Why can it be so hard to remember things?

Who do I always forget to be?

Why is it that I can remember the big important events

but not the fine details that shaped me?

I can see it ever so clear in my mind

the details in the memory are so clean and pure

but why is it that I feel that pang

like I should have remembered something more?

Good memories remembered give me hope

hope to move on to the next day

that happiness that drove me

From the memory of yesterday

-Marie Walters, March 2018


The Darkness amidst us


Life is of massive dark skies

underneath which cannons blow

swords clang and arrows fly

Chains abound your scornful wrists

imprisoned in the lurking mist

Power comes from want and greed

and those who want it

do not stop until they succeed

Betrayal in a gruesome way

all of life has seemed to decay

And the wailing fills the listening ears

but they dread what they come to hear

for it may just become their worst fear

When they come to find it inside themselves


– Marie Walters, 2018


Where there once was grass
There is now snow

Puddles from the rain
But frozen to ice

And where there once were leaves
There are now icicles

They hang from the roof, the cars, the trees

Glittering in mix with the snow

And when the sun peeks out
They dazzle like jewels

They are the gems of the winter

If you listen past the whistling wind
you can hear them chiming in tune

They are like birds
but softly speaking
Softly glowing
Softly swaying

The icicles.

-Marie Walters, 2018

No Summit out of Sight

Cover of book No Summit Out of Sight by Jordan Romero

Review by 3344marigold

Jordan Romero was inspired by the mural on the wall of his school of the seven summits, and set a goal to climb them from that day. He researched the mountains and recorded their elevations and weather conditions. But he couldn’t have done it without his dad, stepmom, friends, and sponsors.

When Jordan first told his dad, he was very surprised and even a little doubtful. But Paul and Karen turned out to be Jordan’s biggest supporters. And their confidence gained every step, and every mountain that they summitted. It started with Africa’s Mount Kilimanjaro, and continued to Vinson, in Antarctica.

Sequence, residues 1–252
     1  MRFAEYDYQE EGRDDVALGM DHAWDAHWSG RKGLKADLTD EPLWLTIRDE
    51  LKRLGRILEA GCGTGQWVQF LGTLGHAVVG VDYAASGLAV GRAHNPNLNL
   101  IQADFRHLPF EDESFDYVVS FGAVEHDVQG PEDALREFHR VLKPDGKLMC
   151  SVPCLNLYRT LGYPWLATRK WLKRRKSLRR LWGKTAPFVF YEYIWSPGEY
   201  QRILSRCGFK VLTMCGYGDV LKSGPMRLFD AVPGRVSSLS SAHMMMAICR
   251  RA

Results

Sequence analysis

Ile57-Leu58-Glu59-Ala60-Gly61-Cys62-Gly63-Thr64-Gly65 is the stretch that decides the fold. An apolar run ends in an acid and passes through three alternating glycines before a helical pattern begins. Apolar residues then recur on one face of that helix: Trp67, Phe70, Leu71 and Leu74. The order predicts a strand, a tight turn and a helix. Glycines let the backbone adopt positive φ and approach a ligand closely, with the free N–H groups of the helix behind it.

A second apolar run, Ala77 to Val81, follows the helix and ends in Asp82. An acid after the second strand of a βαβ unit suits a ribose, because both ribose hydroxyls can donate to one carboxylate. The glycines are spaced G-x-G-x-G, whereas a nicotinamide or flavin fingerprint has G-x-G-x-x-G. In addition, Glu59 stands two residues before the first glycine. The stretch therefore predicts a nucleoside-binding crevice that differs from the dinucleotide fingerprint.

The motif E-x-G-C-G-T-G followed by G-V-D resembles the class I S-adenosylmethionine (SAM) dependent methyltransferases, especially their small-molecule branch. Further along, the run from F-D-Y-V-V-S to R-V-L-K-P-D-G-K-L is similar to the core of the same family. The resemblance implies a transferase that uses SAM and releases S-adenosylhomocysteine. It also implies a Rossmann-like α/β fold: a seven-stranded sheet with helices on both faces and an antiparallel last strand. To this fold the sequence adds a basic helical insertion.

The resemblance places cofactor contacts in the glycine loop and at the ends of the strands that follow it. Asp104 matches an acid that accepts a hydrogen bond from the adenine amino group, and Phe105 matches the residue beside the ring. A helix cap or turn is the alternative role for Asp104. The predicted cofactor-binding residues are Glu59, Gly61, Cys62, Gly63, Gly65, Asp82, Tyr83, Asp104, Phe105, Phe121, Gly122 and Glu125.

Sometimes Jordan felt like giving up. The weather beat at him, the aching, the altitude sickness, and the dangers. But he kept reminding himself of what his friend Samuel had told him on Kilimanjaro. “The mountain wants you to climb it.” So Jordan perservered and did it. He now travels all over the United States and made his next goal to inspire other kids to find their own Everest.

No Summit out of Sight is a true and very intriguing story about Jordan Romero and his adventure. I like how the book is divided up into sections of each mountain he climbed, and how there are so many details to the book that make me feel like I am living it with him. The book was never boring or dragging. I recommend for all readers, and 5/5 stars!


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For Kalie


Softly, gently tugging me forward

through the glossy waters silver and blue

she appears to me and seems to whisper

“come with me”


All is calm and the crickets chirp

the moon casts her pale light

shining and reflecting a small girl

who whispers

“come with me”


The current takes me through the river

until we approach a waterfall

I hold back unsure until I hear her gentle whisper

“come with me”


The waterfall is smooth and graceful

and we end up in a bright moonpool

with which the girl glides through

and turns back saying

“come with me”


By and by the river leads to an ocean

where the mist is settled for the night

with one last glance at the sturdy forest

current whispers

“come with me”


-Marie Walters, December 2017


Pennsylvania Storm

Grandpa said the storms would go north,

but mother nature is always changing.


I saw the flashes of heat lightning

and quiet thunder rolls

A bolt lit up the whole sky

and the wind kicked up unbelievably fast


The tall, strong trees swayed

but they did not give in.


The breeze whistled eerily

as darkness settled.

The woods pressed in around me

but I did not choke

and I was not afraid of what was lurking in the pitch black.